Addiction can change how a person interacts with food. It can cause appetite suppression, choosing poor foods because they’re convenient, or even cause you to eat too much. Both the body and mind are affected by nutritional deficiencies due to substance abuse. During your recovery, you’ll use nutrition to help you accomplish several goals. You’ll want to repair your body, defend your immune system, increase your energy, and improve your mood. All of this together can result in a happier and healthier person who can continue down the path of sobriety.
During a treatment program, a person will get a lot of help and guidance on nutrition. Here is a quick overview on meeting nutritional needs during recovery.
Establish a Routine
Addiction can mess with a person’s eating schedule. A substance abuser is typically more focused on their addiction than eating at regular times. At the beginning of recovery, it is normal for their appetite to go through fluctuations, making it difficult to stick to a schedule. It is important to stick to eating at established times to maintain nutrition levels. Even if it’s a small snack, try to stick to eating at normal times.
Try to Avoid Sugar
Sugar is highly addictive. Many people in recovery turn to sugary foods while trying to maintain their sobriety. Excess sugar consumption is common – particularly in those recovering from alcohol addiction. However, excess sugar can lead to blood sugar spikes, affecting a person’s mood. This can make them feel anxious, stressed, and experience more cravings.
It’s okay to treat yourself to a sugary snack once in a while but avoiding it as much as possible will help maintain emotional stability. If it’s possible, try to eat fruit to satisfy the sugary craving rather than going for a candy bar.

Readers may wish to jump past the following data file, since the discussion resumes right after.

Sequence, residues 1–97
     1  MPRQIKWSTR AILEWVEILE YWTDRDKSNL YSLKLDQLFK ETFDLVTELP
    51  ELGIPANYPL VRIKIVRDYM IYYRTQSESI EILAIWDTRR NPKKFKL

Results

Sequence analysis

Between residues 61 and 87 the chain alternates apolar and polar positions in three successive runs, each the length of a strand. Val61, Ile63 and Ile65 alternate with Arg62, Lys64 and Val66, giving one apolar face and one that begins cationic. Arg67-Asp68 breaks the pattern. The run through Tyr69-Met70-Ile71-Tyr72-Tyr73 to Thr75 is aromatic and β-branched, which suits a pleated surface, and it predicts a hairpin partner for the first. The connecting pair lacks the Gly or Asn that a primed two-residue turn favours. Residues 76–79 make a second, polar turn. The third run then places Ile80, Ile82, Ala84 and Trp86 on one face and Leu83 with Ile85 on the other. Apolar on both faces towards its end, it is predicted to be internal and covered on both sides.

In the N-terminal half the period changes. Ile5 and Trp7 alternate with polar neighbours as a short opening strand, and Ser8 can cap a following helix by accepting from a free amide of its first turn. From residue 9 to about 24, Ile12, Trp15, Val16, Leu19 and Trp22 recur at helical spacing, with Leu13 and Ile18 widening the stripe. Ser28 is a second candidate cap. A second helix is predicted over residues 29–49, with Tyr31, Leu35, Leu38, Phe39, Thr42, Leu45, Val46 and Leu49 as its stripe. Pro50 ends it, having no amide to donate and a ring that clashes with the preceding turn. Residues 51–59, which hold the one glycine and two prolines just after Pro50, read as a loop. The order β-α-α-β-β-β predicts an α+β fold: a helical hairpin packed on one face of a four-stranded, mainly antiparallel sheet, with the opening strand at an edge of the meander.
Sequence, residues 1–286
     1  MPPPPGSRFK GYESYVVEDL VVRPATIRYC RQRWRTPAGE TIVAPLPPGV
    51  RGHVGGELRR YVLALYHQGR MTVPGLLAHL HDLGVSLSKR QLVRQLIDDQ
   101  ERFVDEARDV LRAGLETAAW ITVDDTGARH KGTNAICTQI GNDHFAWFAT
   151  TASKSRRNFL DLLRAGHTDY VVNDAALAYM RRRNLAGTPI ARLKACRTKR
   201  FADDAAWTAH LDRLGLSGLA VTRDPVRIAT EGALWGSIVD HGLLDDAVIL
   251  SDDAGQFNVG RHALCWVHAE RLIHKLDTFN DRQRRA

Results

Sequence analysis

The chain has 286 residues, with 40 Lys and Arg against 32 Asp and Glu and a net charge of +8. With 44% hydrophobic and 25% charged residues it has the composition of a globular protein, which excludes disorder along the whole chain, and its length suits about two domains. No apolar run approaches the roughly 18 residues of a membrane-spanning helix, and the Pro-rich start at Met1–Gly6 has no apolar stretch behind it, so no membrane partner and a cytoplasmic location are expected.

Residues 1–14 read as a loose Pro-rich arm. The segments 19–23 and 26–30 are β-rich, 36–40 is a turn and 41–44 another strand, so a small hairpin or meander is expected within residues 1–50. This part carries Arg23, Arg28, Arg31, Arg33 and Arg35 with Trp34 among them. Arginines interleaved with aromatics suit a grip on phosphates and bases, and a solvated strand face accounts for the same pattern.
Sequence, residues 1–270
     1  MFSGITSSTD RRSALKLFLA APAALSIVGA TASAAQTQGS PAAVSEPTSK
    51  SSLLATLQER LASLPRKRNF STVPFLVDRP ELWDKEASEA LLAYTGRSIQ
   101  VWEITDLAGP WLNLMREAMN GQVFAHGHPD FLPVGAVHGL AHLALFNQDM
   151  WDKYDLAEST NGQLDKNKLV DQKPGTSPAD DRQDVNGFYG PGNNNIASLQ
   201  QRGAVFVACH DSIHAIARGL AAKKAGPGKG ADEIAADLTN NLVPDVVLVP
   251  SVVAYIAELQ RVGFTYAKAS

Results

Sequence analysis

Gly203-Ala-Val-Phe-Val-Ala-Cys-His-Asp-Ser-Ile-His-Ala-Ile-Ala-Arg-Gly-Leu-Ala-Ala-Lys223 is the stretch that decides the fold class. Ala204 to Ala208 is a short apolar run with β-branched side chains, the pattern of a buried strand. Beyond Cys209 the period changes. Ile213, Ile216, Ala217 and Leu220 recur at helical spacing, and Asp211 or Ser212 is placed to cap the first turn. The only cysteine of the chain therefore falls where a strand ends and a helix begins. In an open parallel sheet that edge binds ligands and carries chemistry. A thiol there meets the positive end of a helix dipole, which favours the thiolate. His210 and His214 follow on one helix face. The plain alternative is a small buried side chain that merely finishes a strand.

Minimize Caffeine Intake
Caffeine can alter the way we feel. People in recovery may start over-indulging in coffee because of the way it can make them feel. However, doing so can lead to blood sugar crashes. Like sugar, one’s caffeine intake should limited, especially in the beginning of recovery. Try to stick to one cup of coffee.
Focus on Vitamins and Minerals
The nutrition program for people in recovery typically focuses less on calorie counts and more on the vitamins and minerals consumed. However, the foods that contain the highest amount of vitamins and minerals happen to be some of the lowest in calories. This can be vegetables, fresh fish, lean meat, poultry, nuts, and fruits. While it is preferred to get vitamins and minerals from food, sometimes using supplements can help make sure one is getting enough.
Try to Choose Easily Digestible Foods
Substance abuse can be harmful to the gastrointestinal system. After detox, alcohol and opioid abusers may find that a normal diet can result in nausea, diarrhea, and bloating. To help counteract this, choose foods that are high in fiber. This can be whole grains, fruits, and vegetables. They’re high in fiber and can be easily digested. Oatmeal can be a great source of fiber.